For many product designers, how a product looks is the most important element, but we often see that how a user feel about a particular design is overlooked. By designing with empathy, we begin to understand and discover the needs of people and create solutions to those needs. This is an approach we use for all of our products, including the redesign of the RH Logic.
Remaking a classic is all about taking the best bits from the original and combining them with modern innovations and the latest visual styles. It is also about listening to real people with real experiences of the original – you never know what you might learn – and making something better.
When we developed the RH New Logic, we did just that, bringing real people into the heart of our design process, asking them to challenge every idea we presented, in an attempt to find out what really matters when it comes to making the perfect office chair.
This process, known as empathic design, is all about finding out what people like. It is listening instead of telling. It is observing how people react to your ideas, reflecting on their thoughts, and developing new solutions. In a way, the goal is to create something they did not even realise they desired, either because they were locked in a particular mind-set, or could not envision any alternatives to their current solution.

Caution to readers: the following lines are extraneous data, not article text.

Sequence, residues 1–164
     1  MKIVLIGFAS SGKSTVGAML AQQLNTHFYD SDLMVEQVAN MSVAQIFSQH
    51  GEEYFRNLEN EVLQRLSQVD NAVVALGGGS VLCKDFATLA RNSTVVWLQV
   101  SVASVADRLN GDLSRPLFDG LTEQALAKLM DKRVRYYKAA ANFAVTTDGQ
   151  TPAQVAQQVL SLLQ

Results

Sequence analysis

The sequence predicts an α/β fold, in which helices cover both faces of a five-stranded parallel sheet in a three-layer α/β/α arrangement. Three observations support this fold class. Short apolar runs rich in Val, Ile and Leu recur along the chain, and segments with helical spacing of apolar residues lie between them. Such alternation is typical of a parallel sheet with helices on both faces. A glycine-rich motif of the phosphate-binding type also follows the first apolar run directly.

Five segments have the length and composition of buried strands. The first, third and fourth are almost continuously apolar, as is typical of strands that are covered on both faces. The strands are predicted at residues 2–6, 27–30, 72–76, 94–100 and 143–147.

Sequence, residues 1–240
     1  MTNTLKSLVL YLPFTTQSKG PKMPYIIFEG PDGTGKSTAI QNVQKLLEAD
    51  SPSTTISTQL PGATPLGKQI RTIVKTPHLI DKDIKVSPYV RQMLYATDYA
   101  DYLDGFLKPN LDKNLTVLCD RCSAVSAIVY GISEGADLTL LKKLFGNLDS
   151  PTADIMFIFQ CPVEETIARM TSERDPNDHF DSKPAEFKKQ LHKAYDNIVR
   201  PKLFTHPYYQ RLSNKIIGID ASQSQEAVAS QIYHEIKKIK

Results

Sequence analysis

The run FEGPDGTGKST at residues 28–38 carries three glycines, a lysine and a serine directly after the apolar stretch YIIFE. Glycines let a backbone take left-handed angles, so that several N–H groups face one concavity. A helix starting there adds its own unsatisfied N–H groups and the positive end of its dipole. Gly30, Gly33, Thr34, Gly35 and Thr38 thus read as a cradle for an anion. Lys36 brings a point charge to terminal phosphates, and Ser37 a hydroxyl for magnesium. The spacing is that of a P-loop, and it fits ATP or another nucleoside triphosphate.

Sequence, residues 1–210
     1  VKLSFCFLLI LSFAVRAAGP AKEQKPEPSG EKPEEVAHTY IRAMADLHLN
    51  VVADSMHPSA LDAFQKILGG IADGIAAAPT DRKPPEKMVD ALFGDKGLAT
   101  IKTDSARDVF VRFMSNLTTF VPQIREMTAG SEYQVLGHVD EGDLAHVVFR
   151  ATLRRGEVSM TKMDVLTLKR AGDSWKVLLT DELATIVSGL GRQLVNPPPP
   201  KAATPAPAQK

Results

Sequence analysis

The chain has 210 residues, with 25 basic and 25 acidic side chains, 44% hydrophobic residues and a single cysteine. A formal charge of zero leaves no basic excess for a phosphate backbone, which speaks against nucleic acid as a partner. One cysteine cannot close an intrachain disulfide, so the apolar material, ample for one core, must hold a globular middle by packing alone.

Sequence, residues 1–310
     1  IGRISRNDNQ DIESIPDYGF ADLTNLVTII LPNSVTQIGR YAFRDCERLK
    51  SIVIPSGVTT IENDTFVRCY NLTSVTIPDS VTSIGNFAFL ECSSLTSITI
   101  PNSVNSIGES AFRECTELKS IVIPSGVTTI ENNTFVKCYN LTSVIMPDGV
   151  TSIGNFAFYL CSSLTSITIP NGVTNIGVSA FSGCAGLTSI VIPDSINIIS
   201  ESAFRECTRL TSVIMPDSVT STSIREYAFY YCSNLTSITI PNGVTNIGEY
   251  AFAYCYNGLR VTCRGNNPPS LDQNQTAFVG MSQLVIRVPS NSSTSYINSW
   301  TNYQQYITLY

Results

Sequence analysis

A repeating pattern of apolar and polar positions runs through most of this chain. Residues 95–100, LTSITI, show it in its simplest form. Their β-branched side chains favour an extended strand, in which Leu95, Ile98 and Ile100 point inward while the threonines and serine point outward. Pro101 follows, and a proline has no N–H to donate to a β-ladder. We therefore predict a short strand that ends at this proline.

So how do you apply that process to chairs?
Designing the new RH Logic was a five-year journey, 18,000 hours of work following a seven-stage development plan. All along the way, a series of workshops and play sessions took place with a range of user groups to see how they reacted to the design throughout its development. They were asked to offer their thoughts, ideas and challenges, no matter how trivial, to help create something better.
From architects and designers to general office users, external designers to fans of the original RH Logic - each group of participants offered their own unique thoughts, all of which we hoped to capture in the design.
As you can imagine, the architects offered invaluable insight when it came to general functionality and the visual aesthetics. The office workers were very vocal on a range of problems they face in their daily life. Usability was a key concern, and one that quickly became a central focus for us.
Hear from RH Designers Jonas Stokke & Oystein Austad talking about the design process for the RH New Logic
When you design with empathy, you are constantly challenging your own creativity. The research groups aren’t the ones creating the design, but the feedback at every step of the journey, from early sketches to final prototypes, means that every detail is brought to life, examined, and tested to see if it resonates with your target audience.
It may be a daunting process, but the results speak for themselves.